Vice President Dick Cheney
Interview with Tim Russert on NBC Meet the Press
Camp David
Thurmont, Maryland
September 16, 2001
9:00 A.M. EDT

MR. TIM RUSSERT: And we are Greentop in the shadows of the presidential retreat at Camp David. Mr. Vice President, good morning and welcome.

VICE PRES. DICK CHENEY: Good morning, Tim.

MR. RUSSERT: This is the first television program to originate from here, which underscores the seriousness of our discussion this morning. The president, the vice president, the national security team have been meeting for the last 36 hours. What can you share with the American people this morning?

VICE PRES. CHENEY: Well, Tim, this is the first chance we’ve had really since the events this week to sit down and really focus on various plans and propositions, things we ought to be doing going forward. Up till now it’s been focused very much on trying to manage the crisis and to deal with the problems of the immediate situation. But yesterday we’ve been able to come up and get everybody together, a lot of work done, staff work done in preparation for it and sit down and really spend some time looking at what our strategy ought to be and how we ought to proceed.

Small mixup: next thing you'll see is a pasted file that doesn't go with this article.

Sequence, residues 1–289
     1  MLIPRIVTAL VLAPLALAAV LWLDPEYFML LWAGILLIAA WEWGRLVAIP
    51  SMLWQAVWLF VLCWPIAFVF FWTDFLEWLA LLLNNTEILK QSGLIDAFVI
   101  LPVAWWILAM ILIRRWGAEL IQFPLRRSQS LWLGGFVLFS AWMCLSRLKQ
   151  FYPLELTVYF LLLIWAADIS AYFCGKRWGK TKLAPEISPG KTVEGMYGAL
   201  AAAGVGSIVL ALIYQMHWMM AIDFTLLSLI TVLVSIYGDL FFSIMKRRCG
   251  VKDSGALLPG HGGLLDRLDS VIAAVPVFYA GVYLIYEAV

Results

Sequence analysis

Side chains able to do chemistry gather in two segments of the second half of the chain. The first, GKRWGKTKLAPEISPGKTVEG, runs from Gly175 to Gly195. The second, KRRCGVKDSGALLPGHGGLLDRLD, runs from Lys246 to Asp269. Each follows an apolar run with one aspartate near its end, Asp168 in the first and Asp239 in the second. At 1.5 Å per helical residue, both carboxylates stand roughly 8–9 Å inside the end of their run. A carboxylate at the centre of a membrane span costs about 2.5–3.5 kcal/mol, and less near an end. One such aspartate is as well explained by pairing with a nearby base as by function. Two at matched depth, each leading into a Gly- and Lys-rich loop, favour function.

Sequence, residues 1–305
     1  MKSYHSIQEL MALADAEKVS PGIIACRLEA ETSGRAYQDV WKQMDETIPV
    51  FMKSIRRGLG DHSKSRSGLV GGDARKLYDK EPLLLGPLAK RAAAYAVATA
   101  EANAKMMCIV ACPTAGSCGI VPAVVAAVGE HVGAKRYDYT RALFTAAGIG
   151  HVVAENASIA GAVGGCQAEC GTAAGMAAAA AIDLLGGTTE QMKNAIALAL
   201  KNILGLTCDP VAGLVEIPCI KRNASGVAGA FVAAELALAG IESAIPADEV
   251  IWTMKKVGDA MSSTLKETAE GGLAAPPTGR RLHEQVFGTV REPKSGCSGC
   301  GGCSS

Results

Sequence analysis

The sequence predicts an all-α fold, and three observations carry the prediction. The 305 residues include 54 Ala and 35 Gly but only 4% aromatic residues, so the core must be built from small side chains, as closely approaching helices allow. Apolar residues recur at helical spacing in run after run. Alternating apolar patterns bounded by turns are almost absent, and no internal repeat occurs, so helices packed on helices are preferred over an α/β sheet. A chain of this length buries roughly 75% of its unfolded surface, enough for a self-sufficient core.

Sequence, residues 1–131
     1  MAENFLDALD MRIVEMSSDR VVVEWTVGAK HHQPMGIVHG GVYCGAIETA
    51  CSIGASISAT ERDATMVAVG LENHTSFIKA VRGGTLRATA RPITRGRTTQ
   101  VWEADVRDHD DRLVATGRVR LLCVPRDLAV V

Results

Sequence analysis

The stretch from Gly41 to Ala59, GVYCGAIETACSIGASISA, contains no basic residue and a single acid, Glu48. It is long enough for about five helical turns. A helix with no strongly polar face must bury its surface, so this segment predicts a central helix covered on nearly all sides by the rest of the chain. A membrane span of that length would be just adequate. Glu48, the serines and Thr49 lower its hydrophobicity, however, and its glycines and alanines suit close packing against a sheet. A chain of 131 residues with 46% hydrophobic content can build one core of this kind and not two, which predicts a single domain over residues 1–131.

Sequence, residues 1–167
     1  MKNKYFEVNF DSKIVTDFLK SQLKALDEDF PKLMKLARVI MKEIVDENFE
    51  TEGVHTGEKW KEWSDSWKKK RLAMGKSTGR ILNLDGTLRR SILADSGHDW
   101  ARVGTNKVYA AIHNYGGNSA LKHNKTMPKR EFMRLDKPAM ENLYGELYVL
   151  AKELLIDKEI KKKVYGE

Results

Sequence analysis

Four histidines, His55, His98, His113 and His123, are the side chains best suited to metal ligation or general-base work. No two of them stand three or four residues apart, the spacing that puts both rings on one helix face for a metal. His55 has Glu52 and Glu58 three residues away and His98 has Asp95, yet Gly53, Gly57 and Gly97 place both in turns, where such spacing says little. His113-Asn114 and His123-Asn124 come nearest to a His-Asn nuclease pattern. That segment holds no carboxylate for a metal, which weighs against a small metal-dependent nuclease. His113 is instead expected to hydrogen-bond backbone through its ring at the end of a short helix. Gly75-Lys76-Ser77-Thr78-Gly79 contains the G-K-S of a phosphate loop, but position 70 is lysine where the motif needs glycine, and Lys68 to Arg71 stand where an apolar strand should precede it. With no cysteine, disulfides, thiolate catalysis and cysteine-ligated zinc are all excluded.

MR. RUSSERT: When the president went to the World Trade Center on Friday he said, “The people who did this will hear from all of us soon.” There’s an expectation in the country that we’re about to pay back big time, quickly. What should the American people think or feel about that?